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Hasta luego, Papá

Enrique Octavio Othón Elias
2/10/1938 – 10/27/2020

My dad and I weren’t always close. He was a fairly traditional Panamanian father who left most of the early child-rearing to his wife. He liked to spoil us for birthdays and Christmas; I remember him treating me to shopping sprees at fancy department stores when I was a teenager.

We had disagreements in my teenage years. I know this was not unusual. I remember one particular disagreement when I didn’t think I should be giving him pedicures when I would rather do just about anything else. Then there was the time my cousin lent me her paperback copy of Saturday Night Fever (did you know it was a book?) and he took it away because he thought it was too racy. My cousin had already taken me to see the movie though; not sure he ever found out about that.

I think he must have visited every restaurant in the city at least once. At least that’s what it felt like one evening during a recent visit home, as he drove us around, trying to decide where we were going to have dinner but kept changing his mind and thinking of a different place he wanted to take us to. When he visited us here in the States he wanted to go somewhere he could get a good Reuben sandwich. He was on a quest to find the world’s greatest Reuben.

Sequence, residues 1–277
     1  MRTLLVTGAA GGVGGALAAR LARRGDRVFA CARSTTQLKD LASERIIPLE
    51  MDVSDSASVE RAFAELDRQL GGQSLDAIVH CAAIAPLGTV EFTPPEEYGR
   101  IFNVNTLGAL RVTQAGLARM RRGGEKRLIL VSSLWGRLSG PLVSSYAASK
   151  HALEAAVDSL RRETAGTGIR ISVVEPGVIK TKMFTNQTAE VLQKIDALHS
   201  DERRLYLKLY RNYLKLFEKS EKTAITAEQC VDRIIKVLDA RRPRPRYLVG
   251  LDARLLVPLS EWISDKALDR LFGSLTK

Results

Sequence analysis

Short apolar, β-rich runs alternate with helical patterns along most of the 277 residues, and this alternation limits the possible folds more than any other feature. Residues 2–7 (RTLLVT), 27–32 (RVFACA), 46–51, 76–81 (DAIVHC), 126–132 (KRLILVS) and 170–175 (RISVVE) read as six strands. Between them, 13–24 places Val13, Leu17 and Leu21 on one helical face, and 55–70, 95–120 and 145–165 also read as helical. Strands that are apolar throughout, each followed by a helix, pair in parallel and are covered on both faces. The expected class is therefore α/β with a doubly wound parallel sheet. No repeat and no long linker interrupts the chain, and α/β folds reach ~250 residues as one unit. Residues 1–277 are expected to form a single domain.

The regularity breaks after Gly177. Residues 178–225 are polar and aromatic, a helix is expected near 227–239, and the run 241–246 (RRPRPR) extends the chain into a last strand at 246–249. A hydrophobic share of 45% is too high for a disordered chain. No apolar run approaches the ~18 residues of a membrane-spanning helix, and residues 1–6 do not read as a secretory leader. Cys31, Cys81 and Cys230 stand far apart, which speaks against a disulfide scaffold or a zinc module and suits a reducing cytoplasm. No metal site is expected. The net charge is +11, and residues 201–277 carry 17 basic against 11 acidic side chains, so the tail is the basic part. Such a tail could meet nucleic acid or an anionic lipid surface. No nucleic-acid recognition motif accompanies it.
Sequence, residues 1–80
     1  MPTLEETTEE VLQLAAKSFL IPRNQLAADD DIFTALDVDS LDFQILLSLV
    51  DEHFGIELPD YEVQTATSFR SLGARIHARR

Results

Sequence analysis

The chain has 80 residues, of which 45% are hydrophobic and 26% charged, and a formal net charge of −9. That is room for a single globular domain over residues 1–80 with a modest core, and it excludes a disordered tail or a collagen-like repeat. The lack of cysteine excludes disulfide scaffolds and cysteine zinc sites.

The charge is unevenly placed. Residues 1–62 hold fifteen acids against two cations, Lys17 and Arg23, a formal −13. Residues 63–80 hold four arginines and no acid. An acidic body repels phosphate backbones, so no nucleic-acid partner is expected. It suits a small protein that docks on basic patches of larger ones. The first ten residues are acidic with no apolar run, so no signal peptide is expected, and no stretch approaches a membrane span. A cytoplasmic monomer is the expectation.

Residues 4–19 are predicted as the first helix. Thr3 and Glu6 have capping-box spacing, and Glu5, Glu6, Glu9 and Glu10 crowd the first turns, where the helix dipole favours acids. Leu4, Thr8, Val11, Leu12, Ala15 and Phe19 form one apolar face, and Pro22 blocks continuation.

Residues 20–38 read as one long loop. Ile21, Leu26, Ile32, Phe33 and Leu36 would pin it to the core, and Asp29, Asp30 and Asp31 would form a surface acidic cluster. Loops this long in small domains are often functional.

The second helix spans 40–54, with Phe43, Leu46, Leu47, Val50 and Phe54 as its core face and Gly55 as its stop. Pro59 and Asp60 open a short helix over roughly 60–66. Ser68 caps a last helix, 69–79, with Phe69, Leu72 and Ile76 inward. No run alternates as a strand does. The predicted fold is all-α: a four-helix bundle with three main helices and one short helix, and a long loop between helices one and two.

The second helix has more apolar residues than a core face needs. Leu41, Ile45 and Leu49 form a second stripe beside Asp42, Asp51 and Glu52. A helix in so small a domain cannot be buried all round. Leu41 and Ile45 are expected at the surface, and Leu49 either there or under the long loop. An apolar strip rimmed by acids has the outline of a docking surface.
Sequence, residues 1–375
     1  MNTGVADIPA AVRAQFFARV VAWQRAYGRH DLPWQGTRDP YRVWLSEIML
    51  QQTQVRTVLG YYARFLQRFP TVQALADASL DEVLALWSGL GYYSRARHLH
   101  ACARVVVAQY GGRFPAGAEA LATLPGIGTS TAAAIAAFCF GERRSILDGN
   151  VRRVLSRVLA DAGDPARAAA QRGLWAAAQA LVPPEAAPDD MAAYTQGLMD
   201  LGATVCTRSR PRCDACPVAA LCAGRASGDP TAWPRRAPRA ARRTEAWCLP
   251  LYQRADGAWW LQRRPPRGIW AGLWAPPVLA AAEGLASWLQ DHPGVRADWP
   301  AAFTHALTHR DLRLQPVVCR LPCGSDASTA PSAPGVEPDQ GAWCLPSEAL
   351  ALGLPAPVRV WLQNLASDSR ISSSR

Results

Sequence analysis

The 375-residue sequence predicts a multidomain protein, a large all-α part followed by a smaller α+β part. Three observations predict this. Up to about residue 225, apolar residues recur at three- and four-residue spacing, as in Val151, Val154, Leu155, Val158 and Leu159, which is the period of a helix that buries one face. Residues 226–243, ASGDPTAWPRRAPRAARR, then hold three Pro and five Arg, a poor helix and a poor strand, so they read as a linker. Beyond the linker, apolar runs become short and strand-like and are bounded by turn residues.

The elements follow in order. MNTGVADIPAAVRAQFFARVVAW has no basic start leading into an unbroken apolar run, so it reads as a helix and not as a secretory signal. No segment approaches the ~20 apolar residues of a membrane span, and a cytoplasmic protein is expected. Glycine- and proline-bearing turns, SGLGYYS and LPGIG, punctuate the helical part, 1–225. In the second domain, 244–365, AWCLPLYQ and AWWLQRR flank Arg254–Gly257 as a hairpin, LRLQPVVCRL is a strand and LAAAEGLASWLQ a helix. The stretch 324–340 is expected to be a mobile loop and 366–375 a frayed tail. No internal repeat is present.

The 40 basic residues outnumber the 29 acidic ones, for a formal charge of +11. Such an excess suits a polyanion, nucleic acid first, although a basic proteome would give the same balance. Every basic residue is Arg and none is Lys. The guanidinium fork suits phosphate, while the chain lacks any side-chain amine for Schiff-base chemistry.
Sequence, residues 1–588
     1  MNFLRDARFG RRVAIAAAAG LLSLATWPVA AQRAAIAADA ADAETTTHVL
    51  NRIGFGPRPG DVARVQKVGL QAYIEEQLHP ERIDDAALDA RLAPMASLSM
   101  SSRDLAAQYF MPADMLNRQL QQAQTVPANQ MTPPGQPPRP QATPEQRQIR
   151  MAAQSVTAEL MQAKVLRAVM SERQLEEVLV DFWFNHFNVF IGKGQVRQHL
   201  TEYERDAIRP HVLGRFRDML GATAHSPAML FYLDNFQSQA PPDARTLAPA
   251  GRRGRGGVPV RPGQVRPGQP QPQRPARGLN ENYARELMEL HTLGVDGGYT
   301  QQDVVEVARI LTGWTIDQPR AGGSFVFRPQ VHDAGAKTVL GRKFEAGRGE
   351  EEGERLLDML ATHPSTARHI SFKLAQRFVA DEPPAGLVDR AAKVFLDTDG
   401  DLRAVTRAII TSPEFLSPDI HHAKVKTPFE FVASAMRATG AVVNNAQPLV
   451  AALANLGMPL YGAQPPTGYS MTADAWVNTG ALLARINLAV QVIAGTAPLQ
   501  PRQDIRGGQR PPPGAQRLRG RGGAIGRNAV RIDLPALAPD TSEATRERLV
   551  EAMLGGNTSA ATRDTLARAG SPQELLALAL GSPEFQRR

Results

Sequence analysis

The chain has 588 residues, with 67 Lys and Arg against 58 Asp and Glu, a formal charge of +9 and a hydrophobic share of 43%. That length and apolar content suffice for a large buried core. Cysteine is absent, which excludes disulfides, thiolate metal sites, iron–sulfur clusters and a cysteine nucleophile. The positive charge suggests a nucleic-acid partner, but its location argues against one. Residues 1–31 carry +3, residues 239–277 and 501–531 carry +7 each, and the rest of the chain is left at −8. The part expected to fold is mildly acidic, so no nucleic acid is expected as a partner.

He knew everyone in town. We couldn’t go anywhere without him striking up a conversation with someone he knew or remembered from somewhere. And since people tell me I look just like him, I couldn’t go anywhere without people asking if I was Enrique’s daughter. My aunts, uncles, and cousins could always count on him for anything. Even after he got sick, he never stopped asking about how everyone else was doing.

He was a musician (played piano and guitar by ear, and had a great singing voice) and a music lover. I wish I had videos of him playing piano or singing. I hear he once took my stepmother to a piano bar where he ended up taking over for the piano player and serenading the crowd.

I probably inherited my love of photography from him. Two of the cameras in my collection came from him, including my first digital camera, one he gave me long before everyone had digital cameras. He was always one of the first to try new technology. Over the years we had a Betamax, a VCR, a laser disc player, and my sister and I even had a vertical turntable.

He left this world early this morning. I’ve spent the day crying, missing him, looking at pictures, and wishing I’d been able to see him one more time to get one last hug, say one final good-bye.

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